• The phone camera lens should be roughly where your eyeball would be in distance if you were looking through the eyepiece

  • Take the eyepiece & phone outside and let it acclimate to the relative humidity

  • Drink more wine, refill your glass (red solo cup, mason jar, skull of enemy warlords or whatever you drink wine from - no judgement here)

  • Align the telescope to the moon and look at it with another eyepiece.

    • It is a pretty awesome rock. But use protection. You are looking at an indirect yet magnified reflection of the sun when you look at the moon. Use a moon filter when directly observing to protect your eyeballs.

    • Moon filter is not necessary for photography but can bring in more details and can prolong your imaging sensor. Long exposures against any reflection this bright, can burn in pixels on most sensors.

  • Put the newly acclimated eyepiece-phone-mount contraption into your telescope

    • Adjust the position to center the moon in the shot.

    • The moon is moving but relatively slowly, you shouldn’t have to worry about active tracking or equatorial alignment. It will take it about 1-2 minutes to creep out of your frame. Plenty of time to point and shoot, adjust, repeat.

    • Looking through the phone, focus through the eyepiece on the phone camera and adjust the telescope focus manually. Use the phone zoom features (if equipped) to manually focus the image through the telescope.

    • AutoFocus on the phone, Manual Focus on the Telescope. No flash.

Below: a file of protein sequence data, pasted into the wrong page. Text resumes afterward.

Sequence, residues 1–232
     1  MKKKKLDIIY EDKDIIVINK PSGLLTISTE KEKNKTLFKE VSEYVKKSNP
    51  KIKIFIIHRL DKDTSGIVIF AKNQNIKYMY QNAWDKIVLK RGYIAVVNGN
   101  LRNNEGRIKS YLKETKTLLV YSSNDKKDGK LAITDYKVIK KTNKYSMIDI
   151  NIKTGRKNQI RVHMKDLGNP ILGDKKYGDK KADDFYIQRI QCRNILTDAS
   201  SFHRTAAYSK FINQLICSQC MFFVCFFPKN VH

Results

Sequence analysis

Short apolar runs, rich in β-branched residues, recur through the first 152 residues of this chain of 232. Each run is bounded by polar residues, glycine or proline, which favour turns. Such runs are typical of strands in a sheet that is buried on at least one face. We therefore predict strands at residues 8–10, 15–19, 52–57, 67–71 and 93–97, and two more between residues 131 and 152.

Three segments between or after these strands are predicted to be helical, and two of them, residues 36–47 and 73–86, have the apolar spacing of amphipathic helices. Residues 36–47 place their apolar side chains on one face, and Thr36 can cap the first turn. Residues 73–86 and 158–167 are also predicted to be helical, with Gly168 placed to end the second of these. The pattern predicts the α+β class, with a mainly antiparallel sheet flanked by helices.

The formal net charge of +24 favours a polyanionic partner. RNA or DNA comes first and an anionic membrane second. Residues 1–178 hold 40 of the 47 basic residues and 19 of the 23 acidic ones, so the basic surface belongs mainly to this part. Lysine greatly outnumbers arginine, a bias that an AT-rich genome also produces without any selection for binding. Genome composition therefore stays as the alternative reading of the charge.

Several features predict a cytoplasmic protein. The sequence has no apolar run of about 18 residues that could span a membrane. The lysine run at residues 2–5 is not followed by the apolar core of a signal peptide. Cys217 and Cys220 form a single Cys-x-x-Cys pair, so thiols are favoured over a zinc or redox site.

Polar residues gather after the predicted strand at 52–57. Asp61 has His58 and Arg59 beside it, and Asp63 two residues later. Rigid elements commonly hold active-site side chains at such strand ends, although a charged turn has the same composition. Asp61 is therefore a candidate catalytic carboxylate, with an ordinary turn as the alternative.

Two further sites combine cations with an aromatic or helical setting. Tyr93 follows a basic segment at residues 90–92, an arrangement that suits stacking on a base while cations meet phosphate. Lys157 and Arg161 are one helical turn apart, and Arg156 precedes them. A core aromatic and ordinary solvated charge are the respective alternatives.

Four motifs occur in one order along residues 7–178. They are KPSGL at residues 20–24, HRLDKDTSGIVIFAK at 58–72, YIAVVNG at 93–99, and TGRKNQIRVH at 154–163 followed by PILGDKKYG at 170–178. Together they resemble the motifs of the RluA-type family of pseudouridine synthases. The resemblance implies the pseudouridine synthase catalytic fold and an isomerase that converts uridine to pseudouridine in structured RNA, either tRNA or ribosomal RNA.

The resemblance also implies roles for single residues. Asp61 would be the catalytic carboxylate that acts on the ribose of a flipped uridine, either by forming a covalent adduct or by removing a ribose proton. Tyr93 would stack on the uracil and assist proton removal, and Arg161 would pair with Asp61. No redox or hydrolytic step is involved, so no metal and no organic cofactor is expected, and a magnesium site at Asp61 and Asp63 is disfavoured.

• Congratulate yourself with another sip of wine

    • ..and ponder on the awesome science-y things that the moon does for us. it influences the 24 hour day, influences (but not completely) our tides, stabilizes our weather patterns… gives werewolves something to do… You know, science.

    • okay, maybe that’s enough wine. put the telescope up and go to bed.

Flying Hasselbad's & Mirrorless Nikons..

Two pretty exciting tech / gear announcements today and I'll defer to better sources for the details...   

Nikon, has finally (finally!) released a reasonable competitor to the Sony full-frame mirrorless line of camera bodies with the announcement of the Nikon Z6 and Z7 bodies and their new Z-Mount mirrorless system. 

A good rundown on it here:
https://www.theverge.com/circuitbreaker/2018/8/23/17768890/nikon-z7-z6-cameras-announced-pricing-features-release-date

I personally find that announcement to be exciting and interesting.  I've gone back to shooting w/ a NIkon full-frame DSLR as of late ever since my Sony AR7rII was damaged by overspray in a commercial / industrial shoot.   

Getting back on some f2.8 Nikon glass has been a refreshing change for me...

It's a little eye-rolling that we have yet-another-mount to pine after for our overpriced lens addiction but at least the Z-Series will have a F-Mount adaptor so you can bring your Nikon Glass to the party.

In drone news, DJI announced the release of the Mavik 2.  It seems like the Phantom is increasingly taking the back seat to the Mavik.  With this release, the Mavik 2 pro gets a 20 Megapixel Hasselblad camera w/ a 1" sensor.  There is also a "Zoom" variant that... well, I guess it zooms and stuff. :)

Better coverage on that can be found here:
https://www.theverge.com/circuitbreaker/2018/8/23/17772620/dji-mavic-2-pro-zoom-specs-price

I'm also a big fan of the Mavik, tend to keep one within arms reach for most outings...

Steel Soldier

My other "car guy" craziness from the last year is this 1990 AM General M998 HMMWV.  No offense to the H2 and H3 owners out there but I made this offhand comment one day: "You know, if I was going to own a Hummer, I think I'd want to own, you know: A Real Hummer."

The seed of a thought was planted and watered with enough whiskey and dark beer and one day, this is what emerged.  A good friend paved the way and started collecting veteran vehicles from military decommissioned auctions.  It is truly amazing what you can buy.   A 105mm tow-behind field artillery piece?  Sure, no problem, they have them. Disabling the firing capability and scarce ammunition-availability equates to "Okey-Dokey" legal status.